After the final band struck its last chord and festival goers flooded out of Golden Gate Park Oct. 5, the only thing in the wake of Hardly Strictly Bluegrass was the tons of garbage left behind.
Clean-up crews of more than 60 people collected most of that waste into a pile 10 feet high and 30 feet wide by the following Monday afternoon, according to Mary Munat, founder of Green Mary Zero Waste Events.
The free music festival, which began in 2001, draws thousands of attendees to Golden Gate Park every year. Complaints from locals over the years prompted the city to look more closely at the environmental impact of large events similar to the festival.
Green Mary has been working behind the scenes with sponsors of the music festival for seven years to minimize the waste left behind by attendees. This year, the company was responsible for managing the primary cleanup after the event.
“Before the event we are talking with everybody in sight about how to minimize the waste of resources and maximize the appropriate reuse and recycling,” Munat said.
In San Francisco, any public event that requires street closure permits must have a waste management plan approved by the city before they are given the permit, according to Munat.
The company’s services are paid for by an endowment from the Warren Hellman Trust, whose namesake comes from the Bay Area philanthropist responsible for funding the original Strictly Bluegrass festival 14 years ago, according to Munat.
In general, Green Mary handles the logistics of minimizing waste before the event and leads the clean-up effort following it. They coordinate with companies, government bodies and private citizens to ensure that the event generates as little waste as possible.
“Significantly before the event, we’re working with the producers and the food vendor manager to communicate how zero waste happens,” Munat said.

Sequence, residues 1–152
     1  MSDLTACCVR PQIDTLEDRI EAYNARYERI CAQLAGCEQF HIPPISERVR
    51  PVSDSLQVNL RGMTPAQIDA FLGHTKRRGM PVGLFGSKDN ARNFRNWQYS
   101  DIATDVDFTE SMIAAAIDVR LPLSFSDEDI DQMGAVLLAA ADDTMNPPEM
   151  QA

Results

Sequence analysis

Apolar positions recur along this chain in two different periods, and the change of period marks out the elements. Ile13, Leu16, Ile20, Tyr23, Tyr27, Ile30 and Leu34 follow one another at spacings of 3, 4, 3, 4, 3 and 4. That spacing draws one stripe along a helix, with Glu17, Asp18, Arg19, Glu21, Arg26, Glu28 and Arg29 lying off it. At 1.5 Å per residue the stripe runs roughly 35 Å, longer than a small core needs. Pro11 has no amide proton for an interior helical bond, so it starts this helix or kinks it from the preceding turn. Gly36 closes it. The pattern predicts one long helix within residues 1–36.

Munat and her employees provided free refill stations to reduce the frequency of single-use water bottles, coordinated with waste removal companies to remove what waste was leftover and required vendors to purchase compostable materials for serving food.
Tristen Rowean, a freshman from SF State, said he was at Hardly Strictly Friday night, but he did not see an issue with trash.
“I saw a lot of trash cans and compost, but I didn’t think anything of it because you see that stuff everywhere,” Rowean said.
Frank Spencer, a student from the University of San Francisco, who lives near the park, said he attended the festival for at least a couple hours all three days and didn’t notice any spectacular effort to clean up during the actual event.
“I know they always do clean up and do a great job,” Spencer said. “Whether they get every single cigarette butt—that is probably an impossible task—but they always do seem to clean up pretty well.”
Spencer said he hadn’t been to the side of the park where the event took place, but he did notice more trash around his neighborhood.
“Along Haight Street it’s more dirty for sure because everybody lets out and kinda comes to the Haight,” Spencer said. “It’s definitely been a bit more messy on the street the past couple days.”